HOME     by HF:   Anthologies   Articles   Films   Intros   Juvenile   Mystery   Non-fiction   Novels   Pamphlets   Plays   Poetry   Stories  
  site:   About HF   Texts   Reviews   Chrono Checklist   Bookstore   Bulletin Board   Site Search   Author Index   Title Index  
Blue Heron Press   Citizen Tom Paine   Freedom Road   Last Frontier   My Glorious Brothers   Spartacus   The Children   Peekskill   Unvanquished   Masuto   EVC's Women  

Philadelphia Inquirer
Sunday, October 11, 1981
Features, Arts & Leisure, p. H18

Fast's Life is a Saga Too

By Rebecca Sinkler

The audience that came out to hear him speak one cold, rainy night last week was more interested in Howard Fast's legacy than Howard Fast's The Legacy. The latter is a novel - the latest installment of Fast's saga about the Lavette family; the former is the memory of the royal nose-thumbing that Fast once gave the House Committee on Un-American Activities (HUAC) during the McCarthy era. Fast had come to the Jewish Y at Broad and Pine Streets to read stories and talk about his long, happy career as one of America's best-read writers.
It was, as they say, a "mature" audience. Many bore copies of The American, Citizen Tom Paine and Spartacus, copies that, from the look of the books and their owners, were bought when those novels were first published, in the '40s and '50s.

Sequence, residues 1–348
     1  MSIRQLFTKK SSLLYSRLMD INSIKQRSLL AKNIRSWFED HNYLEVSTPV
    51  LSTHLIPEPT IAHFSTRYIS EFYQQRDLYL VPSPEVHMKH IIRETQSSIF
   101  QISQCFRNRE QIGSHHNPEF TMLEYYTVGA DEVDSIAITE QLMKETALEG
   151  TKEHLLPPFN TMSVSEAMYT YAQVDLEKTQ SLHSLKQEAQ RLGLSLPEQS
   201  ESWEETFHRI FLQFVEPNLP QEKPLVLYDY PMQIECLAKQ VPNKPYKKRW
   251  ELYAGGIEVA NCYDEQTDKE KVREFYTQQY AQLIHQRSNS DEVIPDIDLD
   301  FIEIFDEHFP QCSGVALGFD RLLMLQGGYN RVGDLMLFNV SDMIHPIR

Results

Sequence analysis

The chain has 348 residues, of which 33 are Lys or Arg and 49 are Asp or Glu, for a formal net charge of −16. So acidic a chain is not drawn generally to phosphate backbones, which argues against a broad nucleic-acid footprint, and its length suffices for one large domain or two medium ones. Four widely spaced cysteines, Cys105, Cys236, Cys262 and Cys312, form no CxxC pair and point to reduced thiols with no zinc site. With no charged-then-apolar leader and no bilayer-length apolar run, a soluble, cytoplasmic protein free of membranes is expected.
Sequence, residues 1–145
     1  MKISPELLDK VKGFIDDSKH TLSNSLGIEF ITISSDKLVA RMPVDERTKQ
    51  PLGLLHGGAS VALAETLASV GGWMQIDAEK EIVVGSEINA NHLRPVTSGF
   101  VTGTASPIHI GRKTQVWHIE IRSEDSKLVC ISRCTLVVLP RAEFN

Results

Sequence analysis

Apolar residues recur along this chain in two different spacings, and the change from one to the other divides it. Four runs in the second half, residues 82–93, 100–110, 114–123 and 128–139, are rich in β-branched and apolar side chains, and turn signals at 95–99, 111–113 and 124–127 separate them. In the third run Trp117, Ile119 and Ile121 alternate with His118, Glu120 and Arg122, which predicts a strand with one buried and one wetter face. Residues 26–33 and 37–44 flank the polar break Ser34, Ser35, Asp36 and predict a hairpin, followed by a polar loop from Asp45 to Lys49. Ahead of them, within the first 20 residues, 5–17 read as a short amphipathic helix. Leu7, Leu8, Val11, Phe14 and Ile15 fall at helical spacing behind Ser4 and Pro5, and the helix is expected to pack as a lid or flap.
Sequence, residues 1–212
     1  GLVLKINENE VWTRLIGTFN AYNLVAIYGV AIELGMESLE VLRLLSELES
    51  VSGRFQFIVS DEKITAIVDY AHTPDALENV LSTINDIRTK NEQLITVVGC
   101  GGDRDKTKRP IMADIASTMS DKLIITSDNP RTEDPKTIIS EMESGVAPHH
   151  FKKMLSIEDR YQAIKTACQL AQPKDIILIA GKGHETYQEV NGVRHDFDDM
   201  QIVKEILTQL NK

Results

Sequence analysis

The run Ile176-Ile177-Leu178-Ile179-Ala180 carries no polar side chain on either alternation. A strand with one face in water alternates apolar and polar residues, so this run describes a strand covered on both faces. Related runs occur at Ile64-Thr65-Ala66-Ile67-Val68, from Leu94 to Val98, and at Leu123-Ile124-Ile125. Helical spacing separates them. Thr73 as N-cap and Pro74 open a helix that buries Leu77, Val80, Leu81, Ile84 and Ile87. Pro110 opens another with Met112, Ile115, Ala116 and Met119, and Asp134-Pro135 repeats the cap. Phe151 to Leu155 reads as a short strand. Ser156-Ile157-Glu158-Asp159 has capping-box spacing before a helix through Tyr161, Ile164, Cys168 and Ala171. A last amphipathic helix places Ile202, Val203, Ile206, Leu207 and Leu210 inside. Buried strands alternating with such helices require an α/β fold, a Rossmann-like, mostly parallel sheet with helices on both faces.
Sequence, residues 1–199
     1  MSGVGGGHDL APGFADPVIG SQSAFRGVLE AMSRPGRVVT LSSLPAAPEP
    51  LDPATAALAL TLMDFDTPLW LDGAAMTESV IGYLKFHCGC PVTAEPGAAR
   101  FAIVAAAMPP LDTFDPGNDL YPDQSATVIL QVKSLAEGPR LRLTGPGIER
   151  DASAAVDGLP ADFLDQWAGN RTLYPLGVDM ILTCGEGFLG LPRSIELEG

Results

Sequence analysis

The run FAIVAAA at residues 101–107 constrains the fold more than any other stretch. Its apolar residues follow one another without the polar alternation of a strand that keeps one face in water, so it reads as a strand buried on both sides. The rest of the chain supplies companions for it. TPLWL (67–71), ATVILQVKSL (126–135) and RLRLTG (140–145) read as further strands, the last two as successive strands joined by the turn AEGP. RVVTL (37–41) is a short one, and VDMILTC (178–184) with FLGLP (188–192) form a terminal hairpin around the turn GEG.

They also brought with them a sense of history. One man had heard Fast debate Arthur Schlesinger at the Yale student union in 1949, on the subject of whether civil liberties existed in the United States. (Fast argued the negative.) And many of the audience remembered Fast's appearance before HUAC.
He had, he explained, been ordered to divulge the names of contributors to a hospital for wounded Republican soldiers during the Spanish Civil War. He refused. He was then asked whether he was an agent of a power outside the United States. "Being a ( brash ) kid," he said, "I said yes. Then they got really excited. When they asked who the 'power' was, I told them - God. They sent me to jail."
But not all of Fast's fans remember the bad old days. As we were leaving the Y, two very young women huddled under one umbrella, enthusing. "I love his books," said one of them. "But I didn't know he'd been so important. I missed one thing, though. Did he say he went to 'Yale' or 'jail'?" "I think both," said her friend, and they scurried out into the downpour.